Viral molecular mimicry circumvents abortive infection and suppresses bacterial suicide to make hosts permissive for replication

Bacteriophage. 2012 Oct 1;2(4):234-238. doi: 10.4161/bact.23830.


The global interplay between bacteria and bacteriophages has generated many macromolecules useful in biotechnology, through the co-evolutionary see-saw of bacterial defense and viral counter-attack measures. Bacteria can protect themselves using abortive infection systems, which induce altruistic suicide in an infected cell and therefore protect the clonal population at the expense of the infected individual. Our recent paper describes how bacteriophage ΦTE successfully subverted the activity of a plasmid-borne abortive infection system. ΦTE evolved mimics of the small RNA antitoxin that naturally inhibits the active toxin component of this anti-viral mechanism. These mutant phages further manipulated the behavior of the host population, through transduction of the plasmid encoding the abortive infection system. Transductants thereby became enslaved by the abortive infection system, committing suicide in response to infection by the original phage population. In effect, the new host was infected by an "addictive altruism," to the advantage of the resistant bacteriophage.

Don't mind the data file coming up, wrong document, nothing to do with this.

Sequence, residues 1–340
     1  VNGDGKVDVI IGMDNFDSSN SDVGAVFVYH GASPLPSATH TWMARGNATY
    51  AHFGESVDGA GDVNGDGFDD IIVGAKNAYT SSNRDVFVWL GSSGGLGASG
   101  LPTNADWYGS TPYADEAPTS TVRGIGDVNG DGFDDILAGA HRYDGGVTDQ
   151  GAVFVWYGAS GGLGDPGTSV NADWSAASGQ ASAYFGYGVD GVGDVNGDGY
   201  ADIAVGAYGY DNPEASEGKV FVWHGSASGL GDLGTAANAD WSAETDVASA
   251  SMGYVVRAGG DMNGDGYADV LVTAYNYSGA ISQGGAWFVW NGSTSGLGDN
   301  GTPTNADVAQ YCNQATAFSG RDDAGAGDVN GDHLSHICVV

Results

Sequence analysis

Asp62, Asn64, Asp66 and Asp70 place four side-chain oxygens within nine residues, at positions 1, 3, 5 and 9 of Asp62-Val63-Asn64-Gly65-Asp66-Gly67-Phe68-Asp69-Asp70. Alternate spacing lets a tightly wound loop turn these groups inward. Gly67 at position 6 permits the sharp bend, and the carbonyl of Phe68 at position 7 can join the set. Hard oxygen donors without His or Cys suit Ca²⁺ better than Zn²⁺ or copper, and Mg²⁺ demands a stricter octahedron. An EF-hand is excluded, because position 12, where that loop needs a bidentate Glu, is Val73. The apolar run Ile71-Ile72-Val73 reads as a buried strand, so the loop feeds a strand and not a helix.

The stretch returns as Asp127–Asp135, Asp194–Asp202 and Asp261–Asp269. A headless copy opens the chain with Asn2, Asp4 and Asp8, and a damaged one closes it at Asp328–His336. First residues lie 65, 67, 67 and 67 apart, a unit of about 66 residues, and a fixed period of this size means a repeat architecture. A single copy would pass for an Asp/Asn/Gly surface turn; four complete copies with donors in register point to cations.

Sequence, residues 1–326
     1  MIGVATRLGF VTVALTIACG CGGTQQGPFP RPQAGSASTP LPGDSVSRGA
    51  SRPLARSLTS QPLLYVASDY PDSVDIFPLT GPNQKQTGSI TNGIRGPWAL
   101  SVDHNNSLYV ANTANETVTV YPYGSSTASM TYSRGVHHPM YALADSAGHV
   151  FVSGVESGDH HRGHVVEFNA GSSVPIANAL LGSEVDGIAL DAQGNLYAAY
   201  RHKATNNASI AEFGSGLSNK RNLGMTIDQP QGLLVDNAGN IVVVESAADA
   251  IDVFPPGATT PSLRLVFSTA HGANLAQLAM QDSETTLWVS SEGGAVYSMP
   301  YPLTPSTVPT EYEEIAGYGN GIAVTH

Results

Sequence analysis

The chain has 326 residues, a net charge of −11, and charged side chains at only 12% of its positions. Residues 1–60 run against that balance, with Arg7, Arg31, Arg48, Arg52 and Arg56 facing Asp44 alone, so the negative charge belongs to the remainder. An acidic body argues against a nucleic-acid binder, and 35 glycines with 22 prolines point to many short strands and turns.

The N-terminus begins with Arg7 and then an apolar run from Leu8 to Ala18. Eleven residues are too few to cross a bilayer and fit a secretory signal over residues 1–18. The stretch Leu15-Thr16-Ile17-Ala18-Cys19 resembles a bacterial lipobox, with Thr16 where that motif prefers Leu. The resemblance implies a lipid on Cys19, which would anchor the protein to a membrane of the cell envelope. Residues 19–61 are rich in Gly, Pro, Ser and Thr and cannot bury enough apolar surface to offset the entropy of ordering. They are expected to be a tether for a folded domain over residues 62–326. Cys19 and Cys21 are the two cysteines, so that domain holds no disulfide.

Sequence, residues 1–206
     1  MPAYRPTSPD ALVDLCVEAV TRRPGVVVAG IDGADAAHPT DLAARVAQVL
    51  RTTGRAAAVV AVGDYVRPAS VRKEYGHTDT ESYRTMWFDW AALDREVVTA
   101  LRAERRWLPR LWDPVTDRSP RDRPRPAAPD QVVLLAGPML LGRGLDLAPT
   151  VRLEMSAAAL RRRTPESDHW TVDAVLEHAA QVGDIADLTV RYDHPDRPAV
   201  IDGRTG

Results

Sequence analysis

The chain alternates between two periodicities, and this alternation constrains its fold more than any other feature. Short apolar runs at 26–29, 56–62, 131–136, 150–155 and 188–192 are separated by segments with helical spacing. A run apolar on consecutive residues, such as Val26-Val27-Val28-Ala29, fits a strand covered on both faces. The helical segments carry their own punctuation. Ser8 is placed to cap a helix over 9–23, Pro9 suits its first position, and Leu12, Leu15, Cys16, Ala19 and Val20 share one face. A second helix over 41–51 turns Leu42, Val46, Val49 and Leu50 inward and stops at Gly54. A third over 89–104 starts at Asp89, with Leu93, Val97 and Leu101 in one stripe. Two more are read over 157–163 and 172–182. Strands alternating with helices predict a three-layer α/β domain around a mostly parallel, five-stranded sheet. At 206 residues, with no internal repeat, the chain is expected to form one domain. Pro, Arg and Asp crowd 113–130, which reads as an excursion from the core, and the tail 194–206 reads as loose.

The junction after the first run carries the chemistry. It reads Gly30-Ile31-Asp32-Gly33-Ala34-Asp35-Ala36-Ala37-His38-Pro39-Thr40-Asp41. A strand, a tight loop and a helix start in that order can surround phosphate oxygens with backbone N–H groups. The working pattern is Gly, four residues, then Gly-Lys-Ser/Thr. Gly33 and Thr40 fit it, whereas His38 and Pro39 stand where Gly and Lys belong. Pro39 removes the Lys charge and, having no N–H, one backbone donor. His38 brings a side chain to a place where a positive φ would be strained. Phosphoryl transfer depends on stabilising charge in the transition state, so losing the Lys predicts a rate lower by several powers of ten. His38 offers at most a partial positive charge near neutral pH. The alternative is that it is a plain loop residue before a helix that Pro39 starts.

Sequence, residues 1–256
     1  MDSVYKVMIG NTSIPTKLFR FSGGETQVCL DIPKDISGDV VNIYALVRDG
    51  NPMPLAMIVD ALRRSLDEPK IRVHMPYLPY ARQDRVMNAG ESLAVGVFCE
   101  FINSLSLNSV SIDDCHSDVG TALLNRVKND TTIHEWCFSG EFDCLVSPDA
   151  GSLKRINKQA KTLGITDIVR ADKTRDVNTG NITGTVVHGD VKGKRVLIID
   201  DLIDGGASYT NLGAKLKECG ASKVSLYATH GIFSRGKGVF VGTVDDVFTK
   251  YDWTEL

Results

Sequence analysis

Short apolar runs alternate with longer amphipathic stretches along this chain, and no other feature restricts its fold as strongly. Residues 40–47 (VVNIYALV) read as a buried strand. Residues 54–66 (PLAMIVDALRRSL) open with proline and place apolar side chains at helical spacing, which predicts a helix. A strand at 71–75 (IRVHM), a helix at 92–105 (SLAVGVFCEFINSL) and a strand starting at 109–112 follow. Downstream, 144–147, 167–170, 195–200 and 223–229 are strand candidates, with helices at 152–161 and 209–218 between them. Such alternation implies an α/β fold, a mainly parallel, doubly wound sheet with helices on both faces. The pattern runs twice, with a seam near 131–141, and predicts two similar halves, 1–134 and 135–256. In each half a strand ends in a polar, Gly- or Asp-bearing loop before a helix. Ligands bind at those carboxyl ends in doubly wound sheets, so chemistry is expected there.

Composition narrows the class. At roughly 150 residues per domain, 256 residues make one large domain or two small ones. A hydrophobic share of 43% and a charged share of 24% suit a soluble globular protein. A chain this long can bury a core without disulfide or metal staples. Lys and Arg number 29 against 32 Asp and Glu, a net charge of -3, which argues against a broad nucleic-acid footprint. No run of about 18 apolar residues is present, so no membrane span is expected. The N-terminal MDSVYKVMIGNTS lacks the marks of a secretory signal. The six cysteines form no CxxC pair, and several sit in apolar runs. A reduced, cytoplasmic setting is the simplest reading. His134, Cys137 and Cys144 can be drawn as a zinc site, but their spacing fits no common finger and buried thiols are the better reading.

Keywords: Pectobacterium atrosepticum; RNA pseudoknot; abortive infection; bacteriophage; mimicry; phage resistance; toxin-antitoxin; transduction.